Impact of Final CCPA Regs on AdTech with Ben Isaacson

CCPA Regs and Adtech – Thanks to for sharing his insights on the key provisions of the final CCPA Regs as they relate to the Adtech industry. He discusses the benefits and pitfalls of using cookie consent banners, the importance of carefully reviewing your contractual language, changes to record-keeping requirements, and much more. Watch this mini recording to learn more.

Transcription for CCPA Regs and Adtech below:

Teresa Troester-Falk

Hello everyone, and welcome to today’s PrivacySnapshot, where we’re going to be talking about the finally published CCPA regulations, but specifically with a look at its impact on the ad tech industry. And I’m really excited that Ben Isaacson is with us today. Ben is an expert in the field of adtech and digital privacy. He’s been working at this for over a couple of decades as a privacy consultant and does work with us at BlueSky Privacy and among many other privacy engagements, including a secondment at Uber.

Ben, we were not surprised, of course, to see the Regs finally in a position to be enforceable. But we were surprised that at the 25th hour, as you say, there were some little changes that nobody expected, and one of them that many listeners have noticed is that, for example, the option to include a smaller or shorter version of “do not sell my personal information” to “do not sell my info” was just deleted from the final version of the Regulations. It seems like a small thing but will impact a lot of companies’ operational procedures because they included the shorter version. But, there were some very specific things that the adtech industry should pay attention to. And that’s what you’re here to talk about. So I’ll pass it over to you now to highlight those issues.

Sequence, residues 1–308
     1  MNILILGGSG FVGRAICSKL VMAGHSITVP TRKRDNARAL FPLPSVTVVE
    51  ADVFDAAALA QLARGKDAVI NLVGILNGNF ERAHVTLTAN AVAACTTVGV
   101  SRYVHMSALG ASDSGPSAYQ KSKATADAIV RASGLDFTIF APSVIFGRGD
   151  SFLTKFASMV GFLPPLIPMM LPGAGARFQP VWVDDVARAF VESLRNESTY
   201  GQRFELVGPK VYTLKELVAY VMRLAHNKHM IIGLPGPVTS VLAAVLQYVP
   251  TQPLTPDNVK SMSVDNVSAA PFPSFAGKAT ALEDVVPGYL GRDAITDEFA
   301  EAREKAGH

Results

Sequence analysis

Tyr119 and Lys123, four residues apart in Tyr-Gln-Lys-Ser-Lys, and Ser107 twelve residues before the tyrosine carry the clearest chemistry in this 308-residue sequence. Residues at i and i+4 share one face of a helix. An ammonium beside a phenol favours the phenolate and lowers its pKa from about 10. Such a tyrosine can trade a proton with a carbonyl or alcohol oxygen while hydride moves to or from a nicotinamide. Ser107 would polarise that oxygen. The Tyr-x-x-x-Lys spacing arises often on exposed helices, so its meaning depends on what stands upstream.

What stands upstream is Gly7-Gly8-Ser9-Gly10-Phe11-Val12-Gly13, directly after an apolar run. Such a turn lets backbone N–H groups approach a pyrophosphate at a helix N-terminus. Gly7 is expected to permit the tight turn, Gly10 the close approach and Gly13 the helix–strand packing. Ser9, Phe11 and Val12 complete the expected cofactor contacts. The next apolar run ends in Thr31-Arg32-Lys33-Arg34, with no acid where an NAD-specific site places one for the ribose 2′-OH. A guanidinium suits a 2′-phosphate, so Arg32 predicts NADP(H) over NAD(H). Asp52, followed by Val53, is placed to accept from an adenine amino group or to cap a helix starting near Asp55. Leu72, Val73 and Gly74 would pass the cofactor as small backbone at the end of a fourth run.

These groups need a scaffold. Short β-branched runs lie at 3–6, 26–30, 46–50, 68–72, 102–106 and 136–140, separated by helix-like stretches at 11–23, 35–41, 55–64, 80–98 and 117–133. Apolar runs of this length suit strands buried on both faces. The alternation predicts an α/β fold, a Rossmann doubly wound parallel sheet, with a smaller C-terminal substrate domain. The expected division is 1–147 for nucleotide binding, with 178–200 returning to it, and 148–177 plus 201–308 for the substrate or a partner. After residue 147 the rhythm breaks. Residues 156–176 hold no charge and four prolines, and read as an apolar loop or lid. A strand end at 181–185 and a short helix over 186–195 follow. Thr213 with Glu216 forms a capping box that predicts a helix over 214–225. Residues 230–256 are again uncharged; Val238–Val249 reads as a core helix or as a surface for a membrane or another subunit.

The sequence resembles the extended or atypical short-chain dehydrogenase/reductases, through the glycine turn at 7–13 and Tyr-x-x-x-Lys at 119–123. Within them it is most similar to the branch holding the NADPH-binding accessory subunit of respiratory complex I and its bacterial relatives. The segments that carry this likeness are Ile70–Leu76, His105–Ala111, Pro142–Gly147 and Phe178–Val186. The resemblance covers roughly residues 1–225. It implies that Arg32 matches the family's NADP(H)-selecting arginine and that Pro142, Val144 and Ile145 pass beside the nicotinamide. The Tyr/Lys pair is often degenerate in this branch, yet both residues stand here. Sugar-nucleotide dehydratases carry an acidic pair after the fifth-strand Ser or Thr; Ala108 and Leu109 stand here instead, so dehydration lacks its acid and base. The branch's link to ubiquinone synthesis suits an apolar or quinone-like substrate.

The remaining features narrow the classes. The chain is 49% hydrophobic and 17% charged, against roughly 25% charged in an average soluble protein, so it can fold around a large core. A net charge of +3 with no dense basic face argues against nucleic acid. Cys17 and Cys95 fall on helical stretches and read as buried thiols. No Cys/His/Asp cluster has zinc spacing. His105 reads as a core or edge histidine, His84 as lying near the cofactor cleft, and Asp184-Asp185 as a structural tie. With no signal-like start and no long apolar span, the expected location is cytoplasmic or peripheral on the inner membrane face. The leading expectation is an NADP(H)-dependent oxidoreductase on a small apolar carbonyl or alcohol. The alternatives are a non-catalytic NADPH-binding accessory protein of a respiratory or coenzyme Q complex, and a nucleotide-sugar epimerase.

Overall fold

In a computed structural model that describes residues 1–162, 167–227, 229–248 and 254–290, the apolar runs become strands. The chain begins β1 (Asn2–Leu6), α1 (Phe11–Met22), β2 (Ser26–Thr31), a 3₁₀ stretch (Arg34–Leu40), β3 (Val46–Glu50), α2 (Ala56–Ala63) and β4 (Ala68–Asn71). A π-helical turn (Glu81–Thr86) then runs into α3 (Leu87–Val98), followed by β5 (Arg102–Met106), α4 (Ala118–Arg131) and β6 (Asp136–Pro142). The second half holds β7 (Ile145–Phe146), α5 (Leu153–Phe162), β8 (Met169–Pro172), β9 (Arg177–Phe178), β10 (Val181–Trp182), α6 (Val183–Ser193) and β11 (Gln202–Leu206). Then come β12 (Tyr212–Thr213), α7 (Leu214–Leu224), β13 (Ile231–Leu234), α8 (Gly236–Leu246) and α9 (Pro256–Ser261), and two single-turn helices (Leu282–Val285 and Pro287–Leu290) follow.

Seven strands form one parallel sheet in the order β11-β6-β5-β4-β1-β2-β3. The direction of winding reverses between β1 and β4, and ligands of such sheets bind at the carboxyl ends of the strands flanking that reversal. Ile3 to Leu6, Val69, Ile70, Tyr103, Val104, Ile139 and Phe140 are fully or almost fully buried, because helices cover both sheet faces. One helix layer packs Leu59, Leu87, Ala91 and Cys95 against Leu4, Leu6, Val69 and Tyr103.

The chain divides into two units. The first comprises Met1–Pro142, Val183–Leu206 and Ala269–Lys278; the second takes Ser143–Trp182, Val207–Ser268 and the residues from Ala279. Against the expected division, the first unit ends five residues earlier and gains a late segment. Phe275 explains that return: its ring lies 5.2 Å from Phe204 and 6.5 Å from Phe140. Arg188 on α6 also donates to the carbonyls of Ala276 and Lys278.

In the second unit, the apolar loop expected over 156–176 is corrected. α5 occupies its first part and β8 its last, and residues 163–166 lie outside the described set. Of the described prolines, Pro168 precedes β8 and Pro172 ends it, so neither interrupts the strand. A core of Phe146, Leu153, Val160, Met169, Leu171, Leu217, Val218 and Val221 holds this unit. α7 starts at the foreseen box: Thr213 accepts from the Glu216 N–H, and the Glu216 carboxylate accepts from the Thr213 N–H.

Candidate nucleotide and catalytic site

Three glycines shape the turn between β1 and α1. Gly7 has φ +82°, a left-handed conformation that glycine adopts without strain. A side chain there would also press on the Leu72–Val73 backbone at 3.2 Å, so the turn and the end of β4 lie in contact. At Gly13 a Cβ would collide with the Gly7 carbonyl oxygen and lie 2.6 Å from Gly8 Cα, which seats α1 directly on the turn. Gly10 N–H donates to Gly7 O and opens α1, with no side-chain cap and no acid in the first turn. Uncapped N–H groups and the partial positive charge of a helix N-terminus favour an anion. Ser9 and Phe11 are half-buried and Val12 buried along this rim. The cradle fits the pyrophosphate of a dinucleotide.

Ben Isaacson

Thanks, Teresa. It’s great to be with you. So the last-minute changes to the Attorney General Regulations included a couple of pieces, in particular to the opt-out, which is what a lot of digital companies care most about. The simple ones that they changed at the last minute were if you’re an online company, you don’t need to offer an offline opt-out. But when a lot of online companies were worried about it, they also changed some of the text around, just what that opt-out mechanism needs to be. It doesn’t need to be easy to execute with minimal steps (that was a language in the earlier draft that they got rid of). So not to say you should make your job harder. But it just needs to be easy to read and understand. And then the last change, but a really important one is that it also has a recently posted comment.

Some constitutionality questions are, if you’re a large digital company, especially a digital advertising company, you might collect 5 million data points a year and not necessarily know whether they’re Californians or not. There was this note; there’s this provision in the law that said you need to have record keeping for anything over 4 million records and provide around all the Access and opt-out and deletion requests that were made in the course of a year, that threshold, they changed at the last minute, from 4 million records to 10 million records. So it’s going to be rare for any smaller ad tech companies to get that kind of data. But for certainly, most large adtech companies, most large online publishers, they’re still compelled to track the number of disclosures and requests that they’ve made in the course of the year.

So it’s a record-keeping requirement. So those are the brand new changes that just came in last week. They’re there are a couple of recap issues I just want to throw out there around the core issue for ad tech and digital advertisers as well. And the big one that, working with my advertiser clients and prospective clients, particularly talks about is, “Is ad tech a sale of data under the CCPA and pretty generally done Say this explicitly, saying it’s very fact-specific. And so there might be scenarios where there are certain ad tech, you know, measurement companies, auditing companies, anything that might be helping you do analytics and performance measurement could still be certainly service providers even if they are doing some things to help improve their products. But if it’s an identifier that’s being used for retargeting if it’s being used, real-time bidding ecosystem, really anything that results in targeting on another website or app is going to be considered a sale as far as the Attorney General goes, and that includes any identifiers including fingerprints and mobile ad IDs and other aspects.